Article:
"Here are the back numbers of Le Vie Parisienne," said M. Le Mesge to me. "Amuse yourself with them, if you like, while I talk to your friend."

"Sir," I replied brusquely, "it is true that I never studied with Berlioux. Nevertheless, you must allow me to listen to your conversation: I shall hope to find something in it to amuse me."

"As you wish," said the little old man.

We settled ourselves comfortably. M. Le Mesge sat down before the desk, shot his cuffs, and commenced as follows:

"However much, gentlemen, I prize complete objectivity in matters of erudition, I cannot utterly detach my own history from that of the last descendant of Clito and Neptune.

"I am the creation of my own efforts. From my childhood, the prodigious impulse given to the science of history by the nineteenth century has affected me. I saw where my way led. I have followed it, in spite of everything.

"In spite of everything, everything—I mean it literally. With no other resources than my own work and merit, I was received as Fellow of History

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« Reply #133 on: April 01, 2009, 01:25:06 pm »

and Geography at the examination of 1880. A great examination! Among the thirteen who were accepted there were names which have since become illustrious: Julian, Bourgeois, Auerbach. . . . I do not envy my colleagues on the summits of their official honors; I read their works with commiseration; and the pitiful errors to which they are condemned by the insufficiency of their documents would amply counterbalance my chagrin and fill me with ironic joy, had I not been raised long since above the satisfaction of self-love.

"When I was Professor at the Lycée du Parc at Lyons. I knew Berlioux and followed eagerly his works on African History. I had, at that time, a very original idea for my doctor's thesis. I was going to establish a parallel between the Berber heroine of the seventh century, who struggled against the Arab invader, Kahena, and the French heroine, Joan of Arc, who struggled against the English invader. I proposed to the Faculté des Lettres at Paris this title for my thesis: Joan of Arc and the Tuareg. This simple announcement gave rise to a perfect outcry in learned circles, a furor of ridicule. My friends warned me discreetly. I refused to believe them. Finally I was forced to believe when my rector summoned me before him and, after manifesting an astonishing interest in my health, asked whether I should object to taking two years’ leave on half pay. I refused indignantly. The rector did not insist;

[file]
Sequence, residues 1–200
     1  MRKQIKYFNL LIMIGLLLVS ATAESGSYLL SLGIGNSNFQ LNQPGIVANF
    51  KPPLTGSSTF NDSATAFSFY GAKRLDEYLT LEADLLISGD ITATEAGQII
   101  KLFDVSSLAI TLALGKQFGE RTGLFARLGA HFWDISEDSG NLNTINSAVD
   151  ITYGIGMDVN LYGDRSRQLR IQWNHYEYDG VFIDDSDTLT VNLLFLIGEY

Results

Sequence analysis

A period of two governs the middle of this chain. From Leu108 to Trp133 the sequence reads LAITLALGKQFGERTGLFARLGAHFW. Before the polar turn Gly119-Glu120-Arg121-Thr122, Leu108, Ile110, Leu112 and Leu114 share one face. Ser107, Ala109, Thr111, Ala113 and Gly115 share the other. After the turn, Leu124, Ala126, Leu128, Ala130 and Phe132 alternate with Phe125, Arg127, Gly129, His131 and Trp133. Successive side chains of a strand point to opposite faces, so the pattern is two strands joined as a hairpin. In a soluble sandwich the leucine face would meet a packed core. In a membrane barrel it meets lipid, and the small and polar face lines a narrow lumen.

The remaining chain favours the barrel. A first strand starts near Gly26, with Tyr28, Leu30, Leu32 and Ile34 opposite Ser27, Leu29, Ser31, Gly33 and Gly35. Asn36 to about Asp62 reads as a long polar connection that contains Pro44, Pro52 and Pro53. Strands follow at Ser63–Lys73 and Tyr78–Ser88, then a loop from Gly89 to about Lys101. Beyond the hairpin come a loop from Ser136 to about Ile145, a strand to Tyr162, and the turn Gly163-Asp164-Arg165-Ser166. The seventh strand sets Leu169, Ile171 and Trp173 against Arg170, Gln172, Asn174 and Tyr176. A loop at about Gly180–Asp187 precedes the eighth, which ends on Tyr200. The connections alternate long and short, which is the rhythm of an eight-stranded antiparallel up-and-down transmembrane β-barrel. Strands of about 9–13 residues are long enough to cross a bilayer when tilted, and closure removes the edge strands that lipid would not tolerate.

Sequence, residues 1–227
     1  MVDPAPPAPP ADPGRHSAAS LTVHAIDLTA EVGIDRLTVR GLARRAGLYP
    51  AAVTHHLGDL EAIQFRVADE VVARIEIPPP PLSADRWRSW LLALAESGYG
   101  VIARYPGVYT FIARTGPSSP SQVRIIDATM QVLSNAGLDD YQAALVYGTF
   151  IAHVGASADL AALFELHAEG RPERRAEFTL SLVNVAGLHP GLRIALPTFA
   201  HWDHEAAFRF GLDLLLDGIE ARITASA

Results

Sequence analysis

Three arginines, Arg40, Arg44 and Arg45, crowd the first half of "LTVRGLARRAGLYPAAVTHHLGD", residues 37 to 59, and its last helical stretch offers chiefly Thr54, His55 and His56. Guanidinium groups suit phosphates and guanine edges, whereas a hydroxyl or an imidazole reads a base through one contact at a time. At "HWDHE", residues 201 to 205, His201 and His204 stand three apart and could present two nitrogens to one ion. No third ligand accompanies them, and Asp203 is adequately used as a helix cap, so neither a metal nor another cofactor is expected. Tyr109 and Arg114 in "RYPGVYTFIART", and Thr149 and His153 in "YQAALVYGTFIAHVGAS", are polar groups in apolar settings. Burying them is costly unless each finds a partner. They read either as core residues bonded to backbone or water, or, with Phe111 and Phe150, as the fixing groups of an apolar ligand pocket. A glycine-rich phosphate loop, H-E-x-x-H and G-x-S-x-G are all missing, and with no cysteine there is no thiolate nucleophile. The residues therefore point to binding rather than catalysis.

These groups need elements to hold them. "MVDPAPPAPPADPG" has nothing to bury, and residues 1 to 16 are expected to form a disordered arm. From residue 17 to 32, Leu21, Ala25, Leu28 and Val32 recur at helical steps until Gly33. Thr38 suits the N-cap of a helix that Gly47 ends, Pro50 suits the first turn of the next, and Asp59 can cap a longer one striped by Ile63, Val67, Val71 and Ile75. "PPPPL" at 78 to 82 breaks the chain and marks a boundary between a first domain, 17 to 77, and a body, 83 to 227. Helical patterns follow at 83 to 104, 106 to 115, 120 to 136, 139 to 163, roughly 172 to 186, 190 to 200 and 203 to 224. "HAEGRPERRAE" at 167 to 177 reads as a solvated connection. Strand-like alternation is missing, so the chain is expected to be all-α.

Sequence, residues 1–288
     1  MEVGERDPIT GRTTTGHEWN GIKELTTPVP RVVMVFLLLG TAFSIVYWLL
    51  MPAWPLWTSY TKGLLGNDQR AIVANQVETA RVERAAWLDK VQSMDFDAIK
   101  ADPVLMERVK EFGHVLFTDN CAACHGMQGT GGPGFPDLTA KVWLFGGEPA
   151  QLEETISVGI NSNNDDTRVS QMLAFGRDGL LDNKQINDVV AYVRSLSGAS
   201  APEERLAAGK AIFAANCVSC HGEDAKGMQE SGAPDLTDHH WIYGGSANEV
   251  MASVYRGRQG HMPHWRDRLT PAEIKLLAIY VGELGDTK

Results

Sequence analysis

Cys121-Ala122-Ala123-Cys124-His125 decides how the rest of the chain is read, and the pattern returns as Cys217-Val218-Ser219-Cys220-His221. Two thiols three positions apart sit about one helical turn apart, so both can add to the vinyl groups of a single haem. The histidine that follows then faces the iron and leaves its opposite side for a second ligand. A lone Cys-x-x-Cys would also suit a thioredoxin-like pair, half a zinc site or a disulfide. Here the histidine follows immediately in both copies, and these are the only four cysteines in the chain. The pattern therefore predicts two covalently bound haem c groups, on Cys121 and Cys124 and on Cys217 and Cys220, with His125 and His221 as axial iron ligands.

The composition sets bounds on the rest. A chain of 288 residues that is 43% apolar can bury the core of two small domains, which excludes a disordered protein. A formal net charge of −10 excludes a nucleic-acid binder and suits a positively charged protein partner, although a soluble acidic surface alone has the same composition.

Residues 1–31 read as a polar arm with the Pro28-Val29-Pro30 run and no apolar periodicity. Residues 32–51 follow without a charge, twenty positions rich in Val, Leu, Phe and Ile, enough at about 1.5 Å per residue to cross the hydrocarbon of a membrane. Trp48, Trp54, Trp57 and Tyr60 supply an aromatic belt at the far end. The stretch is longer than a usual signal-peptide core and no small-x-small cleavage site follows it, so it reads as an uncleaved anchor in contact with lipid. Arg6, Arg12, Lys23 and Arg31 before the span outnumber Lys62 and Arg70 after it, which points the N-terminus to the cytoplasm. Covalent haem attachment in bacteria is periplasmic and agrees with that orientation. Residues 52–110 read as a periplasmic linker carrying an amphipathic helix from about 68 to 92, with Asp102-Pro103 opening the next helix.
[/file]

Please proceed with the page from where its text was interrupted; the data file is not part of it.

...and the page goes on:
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« Reply #134 on: April 01, 2009, 01:25:22 pm »

but fifteen days later, a ministerial decree, with no other legal procedure, assigned me to one of the most insignificant and remote Lycées of France, at Mont-de-Marsan.

"Realize my exasperation and you will excuse the excesses to which I delivered myself in that strange country. What is there to do in Landes, if you neither eat nor drink? I did both violently. My pay melted away in fois gras, in woodcocks, in fine wines. The result came quickly enough: in less than a year my joints began to crack like the over-oiled axle of a bicycle that has gone a long way upon a dusty track. A sharp attack of gout nailed me to my bed. Fortunately, in that blessed country, the cure is in reach of the suffering. So I departed to Dax, at vacation time, to try the waters.

"I rented a room on the bank of the Adour, overlooking the Promenade des Baignots. A charwoman took care of it for me. She worked also for an old gentleman, a retired Examining Magistrate, President of the Roger-Ducos Society, which was a vague scientific backwater, in which the scholars of the neighborhood applied themselves with prodigious incompetence to the most whimsical subjects. One afternoon I stayed in my room on account of a very heavy rain. The good woman was energetically polishing the copper latch of my door. She used a paste called Tripoli, which she spread upon a paper and rubbed and rubbed. . . . The peculiar